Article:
There are three main groups of ginseng that are classified based on their geographic origin (Hughes et al. 2004). These are Asian ginseng, American ginseng, and Siberian ginseng, with the pharmacologically active ingredient in ginseng being ginsenosides (Hughes et al. 2004, Leak 1999, Kaye et al. 2000). Asian and American ginsengs have been used to increase resistance to environmental stress, promote diuresis, stimulate the immune system, and aid digestion (Ng et al. 1987, Jellin et al. 2003). Further, while Asian ginseng has shown promise in improving cognition when combined with the herbal agent Ginkgo, American ginseng has been studied for its potential to stimulate human tumor necrosis factor-a (TNF-a) production in cultured human white blood cells (Jellin et al. 2003, Zhou and Kitts 2002). American ginseng may also possess hypoglycemic activity (Jie et al. 1984, Sotaniemi et al. 1995). Such effects have been observed in both normal and diabetic subjects and may be attributed to ginseng components, specifically ginsenoside Rb2 and panaxans I, J, K, and L (Yokozawa et al. 1985, Oshima et al. 1985, Konno et al. 1985, Konno et al. 1984, Tokmoda et al. 1984).

Typically ginseng is well tolerated, but side effects such as bleeding abnormalities secondary to antiplatelet effects, headache, vomiting, Stevens-Johnson syndrome, epistaxis, and hypertension have been reported (Baldwin 1986, Hammond and Whitworth 1981, Dega et al. 1996, Greenspan 1983, Hopkins et al. 1988, Palmer et al. 1978, Kuo et al. 1990)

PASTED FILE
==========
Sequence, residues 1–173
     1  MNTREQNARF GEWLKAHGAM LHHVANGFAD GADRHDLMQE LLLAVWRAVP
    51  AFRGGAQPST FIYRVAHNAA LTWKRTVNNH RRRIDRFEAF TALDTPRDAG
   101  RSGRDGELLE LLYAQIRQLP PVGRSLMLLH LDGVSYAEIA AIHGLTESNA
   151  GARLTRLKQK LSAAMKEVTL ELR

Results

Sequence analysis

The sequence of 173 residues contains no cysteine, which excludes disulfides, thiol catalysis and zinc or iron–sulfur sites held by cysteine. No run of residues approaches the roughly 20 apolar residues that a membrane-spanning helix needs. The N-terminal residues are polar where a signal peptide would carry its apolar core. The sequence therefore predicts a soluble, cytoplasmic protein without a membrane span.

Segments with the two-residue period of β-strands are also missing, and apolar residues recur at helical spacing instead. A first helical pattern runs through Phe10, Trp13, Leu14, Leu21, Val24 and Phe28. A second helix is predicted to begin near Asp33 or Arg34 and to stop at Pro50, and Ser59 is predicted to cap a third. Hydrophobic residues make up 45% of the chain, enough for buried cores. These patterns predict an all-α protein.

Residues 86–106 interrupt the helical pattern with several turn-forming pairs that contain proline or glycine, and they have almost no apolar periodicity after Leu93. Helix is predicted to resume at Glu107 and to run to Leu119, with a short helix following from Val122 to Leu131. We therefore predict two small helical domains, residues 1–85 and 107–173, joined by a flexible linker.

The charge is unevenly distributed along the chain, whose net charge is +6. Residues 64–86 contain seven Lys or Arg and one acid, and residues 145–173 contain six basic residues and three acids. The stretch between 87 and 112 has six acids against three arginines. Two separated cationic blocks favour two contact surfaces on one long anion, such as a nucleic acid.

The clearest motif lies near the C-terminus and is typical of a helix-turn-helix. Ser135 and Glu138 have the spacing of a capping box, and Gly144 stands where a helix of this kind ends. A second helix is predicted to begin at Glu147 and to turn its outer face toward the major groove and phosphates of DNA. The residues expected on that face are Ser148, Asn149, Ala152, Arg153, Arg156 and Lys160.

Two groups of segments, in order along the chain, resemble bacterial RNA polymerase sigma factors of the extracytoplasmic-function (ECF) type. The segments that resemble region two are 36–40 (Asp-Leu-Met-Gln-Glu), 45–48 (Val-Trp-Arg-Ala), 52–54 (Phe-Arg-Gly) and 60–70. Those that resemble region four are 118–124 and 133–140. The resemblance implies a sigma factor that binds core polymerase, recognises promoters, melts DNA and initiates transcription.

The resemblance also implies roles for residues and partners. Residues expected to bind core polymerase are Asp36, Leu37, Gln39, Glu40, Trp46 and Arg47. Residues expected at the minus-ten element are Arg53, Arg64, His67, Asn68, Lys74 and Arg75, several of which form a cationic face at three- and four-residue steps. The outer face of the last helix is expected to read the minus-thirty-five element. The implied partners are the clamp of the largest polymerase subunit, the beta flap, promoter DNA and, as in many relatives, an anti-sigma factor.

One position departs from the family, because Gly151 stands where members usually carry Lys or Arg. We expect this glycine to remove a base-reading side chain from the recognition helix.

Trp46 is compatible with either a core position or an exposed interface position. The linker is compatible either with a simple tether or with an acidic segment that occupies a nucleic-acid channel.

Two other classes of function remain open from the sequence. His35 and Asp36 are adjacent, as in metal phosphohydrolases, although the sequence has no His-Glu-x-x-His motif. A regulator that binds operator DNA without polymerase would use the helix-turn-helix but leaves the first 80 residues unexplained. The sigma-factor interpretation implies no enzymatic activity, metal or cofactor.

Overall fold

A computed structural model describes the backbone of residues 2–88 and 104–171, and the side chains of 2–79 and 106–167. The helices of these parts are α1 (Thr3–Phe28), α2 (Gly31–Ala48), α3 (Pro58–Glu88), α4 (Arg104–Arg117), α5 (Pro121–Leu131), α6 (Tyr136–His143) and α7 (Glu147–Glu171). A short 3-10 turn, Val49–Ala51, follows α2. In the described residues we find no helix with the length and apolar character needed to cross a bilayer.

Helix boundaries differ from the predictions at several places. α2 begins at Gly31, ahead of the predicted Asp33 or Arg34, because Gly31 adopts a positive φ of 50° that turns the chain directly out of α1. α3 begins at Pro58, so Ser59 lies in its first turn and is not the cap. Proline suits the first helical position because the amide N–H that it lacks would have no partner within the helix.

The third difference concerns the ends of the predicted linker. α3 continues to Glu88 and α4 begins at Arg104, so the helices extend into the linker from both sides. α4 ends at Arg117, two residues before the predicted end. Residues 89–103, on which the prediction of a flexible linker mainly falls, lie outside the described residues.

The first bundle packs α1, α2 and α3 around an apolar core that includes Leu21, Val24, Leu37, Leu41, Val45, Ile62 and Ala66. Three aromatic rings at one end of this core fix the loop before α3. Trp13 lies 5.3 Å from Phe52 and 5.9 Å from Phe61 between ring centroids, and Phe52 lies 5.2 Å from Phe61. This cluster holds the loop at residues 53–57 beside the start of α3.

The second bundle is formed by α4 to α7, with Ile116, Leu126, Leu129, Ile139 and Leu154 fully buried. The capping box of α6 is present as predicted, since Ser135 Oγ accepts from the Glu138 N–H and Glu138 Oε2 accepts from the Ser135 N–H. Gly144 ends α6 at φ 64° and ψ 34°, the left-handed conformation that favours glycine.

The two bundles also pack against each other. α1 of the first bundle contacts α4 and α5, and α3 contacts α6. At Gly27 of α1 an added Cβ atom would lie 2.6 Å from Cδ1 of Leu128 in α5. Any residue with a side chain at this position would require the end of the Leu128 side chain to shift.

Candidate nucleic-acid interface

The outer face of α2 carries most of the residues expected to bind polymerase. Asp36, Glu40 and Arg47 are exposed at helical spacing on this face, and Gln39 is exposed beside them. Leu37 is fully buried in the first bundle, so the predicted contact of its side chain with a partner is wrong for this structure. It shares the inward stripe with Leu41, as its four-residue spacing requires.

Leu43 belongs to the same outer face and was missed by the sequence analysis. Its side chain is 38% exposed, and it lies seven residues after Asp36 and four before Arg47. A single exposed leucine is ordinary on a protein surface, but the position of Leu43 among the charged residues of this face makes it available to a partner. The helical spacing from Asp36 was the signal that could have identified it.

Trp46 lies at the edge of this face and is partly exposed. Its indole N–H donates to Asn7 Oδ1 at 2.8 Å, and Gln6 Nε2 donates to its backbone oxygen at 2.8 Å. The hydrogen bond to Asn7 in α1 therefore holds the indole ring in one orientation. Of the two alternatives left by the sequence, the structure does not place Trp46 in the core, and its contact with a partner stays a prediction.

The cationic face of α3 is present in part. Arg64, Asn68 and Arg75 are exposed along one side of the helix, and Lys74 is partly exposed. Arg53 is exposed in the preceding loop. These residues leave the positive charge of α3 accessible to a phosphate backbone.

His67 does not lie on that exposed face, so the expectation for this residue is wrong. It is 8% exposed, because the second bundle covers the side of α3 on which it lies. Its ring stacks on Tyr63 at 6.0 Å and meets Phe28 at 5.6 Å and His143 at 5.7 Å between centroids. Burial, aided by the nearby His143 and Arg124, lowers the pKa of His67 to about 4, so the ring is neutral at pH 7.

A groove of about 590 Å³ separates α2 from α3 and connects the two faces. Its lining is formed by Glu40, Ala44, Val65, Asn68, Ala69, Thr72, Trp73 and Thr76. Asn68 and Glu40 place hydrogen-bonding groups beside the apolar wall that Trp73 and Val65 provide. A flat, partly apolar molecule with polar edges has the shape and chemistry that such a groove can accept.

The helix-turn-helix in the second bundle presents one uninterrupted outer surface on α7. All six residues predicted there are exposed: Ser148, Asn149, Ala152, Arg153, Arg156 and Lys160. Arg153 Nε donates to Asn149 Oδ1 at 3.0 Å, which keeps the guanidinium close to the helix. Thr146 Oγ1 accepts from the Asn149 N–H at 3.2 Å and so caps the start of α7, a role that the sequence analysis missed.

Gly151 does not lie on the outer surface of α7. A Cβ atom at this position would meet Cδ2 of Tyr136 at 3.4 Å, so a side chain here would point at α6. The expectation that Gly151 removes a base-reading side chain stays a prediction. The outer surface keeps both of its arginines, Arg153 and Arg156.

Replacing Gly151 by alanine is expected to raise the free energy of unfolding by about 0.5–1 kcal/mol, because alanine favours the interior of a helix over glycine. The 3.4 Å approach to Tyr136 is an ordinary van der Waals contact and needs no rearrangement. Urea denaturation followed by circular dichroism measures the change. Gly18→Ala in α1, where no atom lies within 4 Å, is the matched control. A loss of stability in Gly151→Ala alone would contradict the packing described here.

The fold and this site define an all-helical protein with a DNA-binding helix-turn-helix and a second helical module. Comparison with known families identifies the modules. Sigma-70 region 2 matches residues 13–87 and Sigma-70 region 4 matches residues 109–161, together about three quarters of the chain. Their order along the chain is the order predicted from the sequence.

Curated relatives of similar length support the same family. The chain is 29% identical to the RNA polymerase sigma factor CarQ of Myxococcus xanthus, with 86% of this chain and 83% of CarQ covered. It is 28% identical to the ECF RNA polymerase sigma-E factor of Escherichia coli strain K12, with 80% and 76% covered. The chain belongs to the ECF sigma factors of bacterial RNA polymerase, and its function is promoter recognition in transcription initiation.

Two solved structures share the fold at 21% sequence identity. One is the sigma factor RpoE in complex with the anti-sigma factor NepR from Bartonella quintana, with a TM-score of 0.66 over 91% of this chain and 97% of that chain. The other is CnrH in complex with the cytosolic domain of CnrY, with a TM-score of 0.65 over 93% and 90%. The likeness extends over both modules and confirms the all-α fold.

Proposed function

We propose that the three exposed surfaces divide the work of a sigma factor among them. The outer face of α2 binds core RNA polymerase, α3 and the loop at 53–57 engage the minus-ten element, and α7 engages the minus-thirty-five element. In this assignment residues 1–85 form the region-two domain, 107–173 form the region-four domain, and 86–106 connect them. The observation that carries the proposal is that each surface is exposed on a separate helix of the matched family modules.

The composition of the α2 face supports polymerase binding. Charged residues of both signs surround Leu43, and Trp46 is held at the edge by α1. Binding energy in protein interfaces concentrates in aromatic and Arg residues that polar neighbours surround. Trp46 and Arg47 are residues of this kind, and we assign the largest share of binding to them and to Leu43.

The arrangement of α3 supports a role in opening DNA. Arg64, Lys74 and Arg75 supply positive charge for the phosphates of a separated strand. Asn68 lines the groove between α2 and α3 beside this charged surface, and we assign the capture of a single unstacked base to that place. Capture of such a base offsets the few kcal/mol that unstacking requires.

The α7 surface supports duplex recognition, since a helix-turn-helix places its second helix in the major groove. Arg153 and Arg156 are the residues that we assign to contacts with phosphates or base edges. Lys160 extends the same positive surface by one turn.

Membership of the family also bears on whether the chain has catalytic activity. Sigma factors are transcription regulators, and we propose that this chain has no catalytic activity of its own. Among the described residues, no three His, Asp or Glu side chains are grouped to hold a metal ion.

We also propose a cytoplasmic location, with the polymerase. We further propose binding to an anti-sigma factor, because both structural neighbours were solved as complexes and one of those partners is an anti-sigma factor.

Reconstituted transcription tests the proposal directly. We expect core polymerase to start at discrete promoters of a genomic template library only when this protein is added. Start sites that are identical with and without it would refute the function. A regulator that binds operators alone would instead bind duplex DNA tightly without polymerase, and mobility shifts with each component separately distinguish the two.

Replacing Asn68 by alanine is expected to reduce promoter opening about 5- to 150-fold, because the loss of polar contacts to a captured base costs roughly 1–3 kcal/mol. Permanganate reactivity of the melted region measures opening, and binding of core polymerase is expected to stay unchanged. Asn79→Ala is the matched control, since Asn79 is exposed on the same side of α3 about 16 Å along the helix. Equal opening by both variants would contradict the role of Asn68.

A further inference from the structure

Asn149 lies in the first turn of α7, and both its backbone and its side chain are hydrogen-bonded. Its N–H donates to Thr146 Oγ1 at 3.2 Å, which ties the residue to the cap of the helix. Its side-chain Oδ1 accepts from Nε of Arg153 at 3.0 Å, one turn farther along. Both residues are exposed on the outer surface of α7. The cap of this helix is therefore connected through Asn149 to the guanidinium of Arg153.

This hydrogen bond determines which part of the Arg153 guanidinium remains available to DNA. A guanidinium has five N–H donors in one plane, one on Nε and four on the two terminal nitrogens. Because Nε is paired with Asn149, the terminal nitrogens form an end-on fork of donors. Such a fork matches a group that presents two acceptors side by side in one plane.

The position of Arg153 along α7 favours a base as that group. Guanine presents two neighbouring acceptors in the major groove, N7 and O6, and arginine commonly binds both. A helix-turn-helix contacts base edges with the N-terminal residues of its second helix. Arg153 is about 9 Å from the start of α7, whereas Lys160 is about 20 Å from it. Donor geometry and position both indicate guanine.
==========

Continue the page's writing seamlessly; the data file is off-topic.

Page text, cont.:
Table 10.2 Herbal medications associated with bleeding abnormalities.

Bilberry Bromelain Chamomile Dandelion root Dong quai Fenugreek Feverfew Fish oil Flaxseed oil Garlic Ginger Ginkgo biloba Ginseng

Grape seed extract Horse chestnut Kava kava Meadowsweet Motherwort Red clover Tamarind Turmeric Willow

(see Table 10.2). Drug interactions between Asian ginseng and calcium channel blockers, warfarin, phenelzine, and digoxin have also been noted (Hughes et al. 2004). It may be advisable that ginseng be avoided by interventional pain patients on anticoagulant medications such as warfarin, heparin, aspirin, and NSAIDs. Further, because of ginseng's association with hypertension and the deleterious outcomes linked to chronic hypertension, the pain practitioner should be aware of whom and for how long patients may have been taking this herbal product. Since many agents can cause generalized vasodilation, hemodynamic lability may be seen.

Regarding ginseng's interaction with antidepressants such as monoamine oxidase inhibitors, concurrent use of ginseng with phenelzine sulfate should be avoided as manic episodes have been reported with routine use of both (Shader and Greenblatt 1985, Jones and Runikis 1987). Finally, as a result of ginseng's potential to cause decreased blood glucose levels, it should be used cautiously in diabetic patients on insulin or other oral hypoglycemic agents and blood glucose levels should be monitored.

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